Select Committee on Environment, Transport and Regional Affairs Appendices to the Minutes of Evidence

Memorandum by the Pedestrians Association (RT 46)


  The Pedestrians Association would like to make the following points:

    (a)  the vast majority of people using LRT (trams) will get to and from them on foot,

    (b)  the best illustration we know of this walk/rail/walk relationship comes from main line routes in Kent: in that County 60 per cent of peak period and 71 per cent of off-peak rail travellers arrive at stations on foot (see attached graphic from "Transport 93", Kent County Council Highways and Transportation),

    (c)  far more tram travel will accordingly be generated by creating good walking conditions around stations and by promoting station-related development than by providing car parks and park-and-ride interchanges,

    (d)  it follows that the fare-box income of new LRT systems will depend not just on the engineering of station-to-station routes, but on catering for door-to-door journeys that involve walking as well as tram travel: women, for instance, will be deterred from going to stations if routes to them are ill-lit or frightening,

    (e)  design for walking in the vicinity of stations needs to be done by teams of planners, traffic engineers and landscape architects with a remit to assess and upgrade walking routes radiating in all directions,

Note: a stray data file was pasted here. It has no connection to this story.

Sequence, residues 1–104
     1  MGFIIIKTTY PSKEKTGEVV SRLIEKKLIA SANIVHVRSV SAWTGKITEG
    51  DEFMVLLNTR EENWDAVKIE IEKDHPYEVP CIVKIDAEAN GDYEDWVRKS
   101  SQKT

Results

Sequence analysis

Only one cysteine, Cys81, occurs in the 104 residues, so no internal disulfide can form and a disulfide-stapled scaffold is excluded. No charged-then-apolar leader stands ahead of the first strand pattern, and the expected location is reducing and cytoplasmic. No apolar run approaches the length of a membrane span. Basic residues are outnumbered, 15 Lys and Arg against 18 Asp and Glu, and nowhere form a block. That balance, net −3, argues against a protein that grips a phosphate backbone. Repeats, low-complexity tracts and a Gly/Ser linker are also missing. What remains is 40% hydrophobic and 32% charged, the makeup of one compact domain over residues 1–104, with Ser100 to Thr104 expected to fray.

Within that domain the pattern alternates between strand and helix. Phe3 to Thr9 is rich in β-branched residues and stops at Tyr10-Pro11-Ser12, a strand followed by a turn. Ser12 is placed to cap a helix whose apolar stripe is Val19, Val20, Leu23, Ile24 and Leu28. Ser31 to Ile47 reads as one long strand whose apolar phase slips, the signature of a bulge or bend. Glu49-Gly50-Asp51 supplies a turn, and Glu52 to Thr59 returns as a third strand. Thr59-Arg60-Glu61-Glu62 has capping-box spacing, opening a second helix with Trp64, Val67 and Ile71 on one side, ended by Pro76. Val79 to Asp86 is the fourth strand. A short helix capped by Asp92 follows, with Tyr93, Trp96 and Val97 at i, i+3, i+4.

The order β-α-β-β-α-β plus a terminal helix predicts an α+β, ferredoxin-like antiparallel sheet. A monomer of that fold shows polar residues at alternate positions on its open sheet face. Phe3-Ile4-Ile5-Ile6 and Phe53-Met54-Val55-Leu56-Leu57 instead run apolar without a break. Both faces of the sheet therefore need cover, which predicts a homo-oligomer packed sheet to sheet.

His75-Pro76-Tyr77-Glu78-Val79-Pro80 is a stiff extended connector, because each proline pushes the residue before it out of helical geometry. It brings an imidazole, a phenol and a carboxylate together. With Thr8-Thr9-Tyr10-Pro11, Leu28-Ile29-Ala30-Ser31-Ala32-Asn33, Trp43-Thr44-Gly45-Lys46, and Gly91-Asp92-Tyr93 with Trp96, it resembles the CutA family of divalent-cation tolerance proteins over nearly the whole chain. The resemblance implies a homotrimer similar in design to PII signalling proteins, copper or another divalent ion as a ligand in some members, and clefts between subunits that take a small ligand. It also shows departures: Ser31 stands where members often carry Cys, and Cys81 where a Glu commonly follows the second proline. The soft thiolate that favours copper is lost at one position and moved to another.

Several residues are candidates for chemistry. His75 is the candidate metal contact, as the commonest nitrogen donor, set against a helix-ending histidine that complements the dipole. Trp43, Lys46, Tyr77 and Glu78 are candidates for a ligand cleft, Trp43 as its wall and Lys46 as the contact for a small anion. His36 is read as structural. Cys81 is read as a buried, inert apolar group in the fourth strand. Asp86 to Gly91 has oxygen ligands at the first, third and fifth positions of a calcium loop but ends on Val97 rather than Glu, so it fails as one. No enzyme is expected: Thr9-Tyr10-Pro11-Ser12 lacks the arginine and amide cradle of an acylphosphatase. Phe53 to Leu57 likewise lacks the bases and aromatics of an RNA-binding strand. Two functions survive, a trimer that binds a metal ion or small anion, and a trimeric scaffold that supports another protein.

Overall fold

(f)  this work will involve, traffic engineering (the provision or moving of Zebra crossings, improved street lighting and signing), the opening up of short cuts, and the promotion of new houses, offices, shops or other development,

    (g)  Old Trafford station on the Manchester Metrolink, with its tortuous routes, poor lighting and derelict buildings illustrates a location which is not good for walkers and where the creation of the station should have been combined with development,

    (h)  where new tram lines are planned to run through sites, whether brownfield or fringe-of-city, partnerships should be formed between tram companies and property developers to create transit-focused "urban villages" at stations.


  In the view of the Pedestrians Association tram building in Britain has hitherto been more engineering than passenger led. The Association therefore urges the House of Commons Transport Sub-Committee to take note of this problem.

  The Secretary of State for the Environment, Transport and the Regions should be urged to ensure that careful, door-to-door planning for journeys and, where appropriate, development around stations, is part of all light rail transit schemes.

  Stations should only be used for park-and-ride where it can be demonstrated that this will generate more tram travel than by maximising access on foot.

  Making full provision for people on foot is the key to creating tram systems that attract travellers and increase cash flow.

Terence Bendixson


2 February 2000

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